Valentine’s Day is here and there is no shortage of melt-worthy couples on campus.
Among faculty and students alike, there are dozens of relationships sweet enough to make us all want to run to the closest drug store and buy a package of chalky heart-shaped candy with cheesy sweet-nothings scratched into them.
Faculty couple Harry and Monica McEnerny, the chairs of the Theater and Education departments respectively, have 33 years of cute wrapped into their relationship. Any conversation with them is filled with playful banter and an obvious, deep love that is hard to ignore.
How have these two kept it so syrupy for so long?
“Communication is key,” Harry said.
“Yes, and kindness. He’s the kindest person that I know,” Monica added, though Harry butted in with his famous brand of humor admitting that sometimes it can be a little difficult to achieve after 33 years of marriage and two children.
“When it breaks down for us, it’s always because we’re not communicating. Either I can’t hear or she doesn’t talk loud enough for me to hear her and then I get in trouble for not hearing.”
Student couples, however, haven’t usually had the time to be seasoned to the point where they can bust into childlike buffoonery together and slide into serious topics like the chocolate syrup the rest of us are going to pretend we totally did not eat alone on the couch on Valentine’s Day.
Sophomore couple Brandon Bailey and Gabby Lazzaro make love look like the easiest thing in the world. The high school sweethearts have been together for exactly five-and-a -half years on Valentine’s Day, and have an energy that is as mature as it is full of adolescent wonder.
“He’s my best friend,” said Lazzaro, glowing.
Bailey said that what keeps them strong is “Constant support for each other… and compromise. We never let each other feel bad for approaching an opportunity that they want to approach, even if it means less time for the other person.”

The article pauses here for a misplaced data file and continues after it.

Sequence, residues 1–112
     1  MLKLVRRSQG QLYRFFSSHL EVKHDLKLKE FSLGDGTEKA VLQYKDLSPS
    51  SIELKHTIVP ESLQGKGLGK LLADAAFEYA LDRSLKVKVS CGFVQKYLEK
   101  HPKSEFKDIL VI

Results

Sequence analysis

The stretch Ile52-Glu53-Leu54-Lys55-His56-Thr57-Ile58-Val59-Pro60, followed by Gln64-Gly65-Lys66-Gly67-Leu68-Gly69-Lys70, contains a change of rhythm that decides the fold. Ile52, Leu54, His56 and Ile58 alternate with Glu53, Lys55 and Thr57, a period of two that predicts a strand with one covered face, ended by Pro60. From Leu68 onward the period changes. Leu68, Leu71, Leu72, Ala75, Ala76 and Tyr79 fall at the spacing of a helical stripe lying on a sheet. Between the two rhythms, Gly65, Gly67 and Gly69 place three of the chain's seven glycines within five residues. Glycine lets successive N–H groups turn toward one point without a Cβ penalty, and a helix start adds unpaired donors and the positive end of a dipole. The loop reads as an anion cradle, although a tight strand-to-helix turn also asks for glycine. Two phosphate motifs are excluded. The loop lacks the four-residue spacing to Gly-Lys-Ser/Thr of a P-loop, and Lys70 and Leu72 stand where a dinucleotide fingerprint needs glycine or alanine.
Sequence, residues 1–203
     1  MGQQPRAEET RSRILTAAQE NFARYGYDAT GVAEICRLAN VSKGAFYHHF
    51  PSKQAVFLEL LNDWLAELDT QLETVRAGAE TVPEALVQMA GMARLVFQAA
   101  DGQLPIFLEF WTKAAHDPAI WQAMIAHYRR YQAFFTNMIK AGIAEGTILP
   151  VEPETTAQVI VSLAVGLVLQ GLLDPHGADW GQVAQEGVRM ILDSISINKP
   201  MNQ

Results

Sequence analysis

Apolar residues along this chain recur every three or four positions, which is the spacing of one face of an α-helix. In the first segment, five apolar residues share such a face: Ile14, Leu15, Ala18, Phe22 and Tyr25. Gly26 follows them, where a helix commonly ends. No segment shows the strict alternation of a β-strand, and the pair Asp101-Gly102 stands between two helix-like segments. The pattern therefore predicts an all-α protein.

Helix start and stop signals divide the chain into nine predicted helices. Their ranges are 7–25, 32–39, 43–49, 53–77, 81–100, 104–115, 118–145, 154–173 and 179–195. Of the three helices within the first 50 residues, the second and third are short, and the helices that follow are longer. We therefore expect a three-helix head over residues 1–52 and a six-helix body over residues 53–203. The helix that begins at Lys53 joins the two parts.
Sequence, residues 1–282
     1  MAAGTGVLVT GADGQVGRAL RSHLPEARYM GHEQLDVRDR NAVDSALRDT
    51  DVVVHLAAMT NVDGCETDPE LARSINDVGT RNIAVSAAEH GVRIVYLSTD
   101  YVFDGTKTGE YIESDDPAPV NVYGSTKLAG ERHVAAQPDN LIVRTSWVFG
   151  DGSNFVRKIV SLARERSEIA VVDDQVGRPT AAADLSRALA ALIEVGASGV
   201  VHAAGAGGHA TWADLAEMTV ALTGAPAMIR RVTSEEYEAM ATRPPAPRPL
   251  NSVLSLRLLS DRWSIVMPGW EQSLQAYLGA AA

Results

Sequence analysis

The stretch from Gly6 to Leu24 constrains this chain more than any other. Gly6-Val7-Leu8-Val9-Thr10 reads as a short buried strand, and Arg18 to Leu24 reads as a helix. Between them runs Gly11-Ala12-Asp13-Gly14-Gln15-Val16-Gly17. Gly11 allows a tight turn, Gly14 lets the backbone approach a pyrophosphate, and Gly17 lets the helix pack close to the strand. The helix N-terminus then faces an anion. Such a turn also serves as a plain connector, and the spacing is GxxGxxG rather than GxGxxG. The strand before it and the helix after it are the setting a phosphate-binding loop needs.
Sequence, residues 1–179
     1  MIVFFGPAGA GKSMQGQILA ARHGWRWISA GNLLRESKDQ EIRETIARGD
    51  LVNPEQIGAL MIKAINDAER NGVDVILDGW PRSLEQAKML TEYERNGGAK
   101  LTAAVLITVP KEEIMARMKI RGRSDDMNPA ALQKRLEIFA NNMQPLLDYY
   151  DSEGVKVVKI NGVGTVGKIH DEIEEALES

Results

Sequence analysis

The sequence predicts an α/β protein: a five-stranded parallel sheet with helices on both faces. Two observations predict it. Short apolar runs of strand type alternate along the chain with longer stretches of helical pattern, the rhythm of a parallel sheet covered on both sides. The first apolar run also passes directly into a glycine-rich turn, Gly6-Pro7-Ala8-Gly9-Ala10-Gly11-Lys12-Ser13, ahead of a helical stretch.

Lazzaro, like the McEnernys, said communication is key for young couples too.
“Even if you think it will be hard and the other person will react badly, you have to just say what you’re feeling and get it out there,” she said.
Castleton has always had an array of diverse people and couples and as one of those couples, Dre Trudeau and Angela Dupoise say that they have felt accepted and able to grow and become who they are as a couple without feeling judged or discouraged by the community.
“I feel like people just don’t care anymore, at least here,” Dupoise said. “Professors don’t care and students definitely don’t. It’s like ‘Oh, these two people are dating; that’s cute.’”
Her girlfriend agrees, adding, “It doesn’t matter that it’s two girls. When we first started dating we got ‘You guys can never break up. You’re such a power couple.’ It was never a conversation, which is nice.”
The best thing about these couples was hearing them talk about each other and seeing the way they looked at each other. Every glance felt like they believed they were alone in the room as they declared their favorite things about each other with smiles in their eyes so bright they could blind us all on the way to Rite Aid on the fifteenth to get half-priced chocolate.
“She’s funny. She’s silly. She makes me smile,” cooed Bailey as Lazzaro giggled back “We have fun.”
“I like that I can do my own thing and come home at night just not have to worry about anything,” Dupoise said. “I love the way she is with kids. I’ve always wanted kids and seeing her work with them and play with them is precious to me,” Trudeau said beaming.
The McEnernys recounted the first time they met.
“I was in her suite because I had a class with her suite mate and she just popped her head in the door to say she was leaving. She was wearing this purple shirt.”
“With ribbons on it- very eighties,” remembered Monica.
“Yes, and once I picked my jaw up off the floor, the rest was history,” Harry said.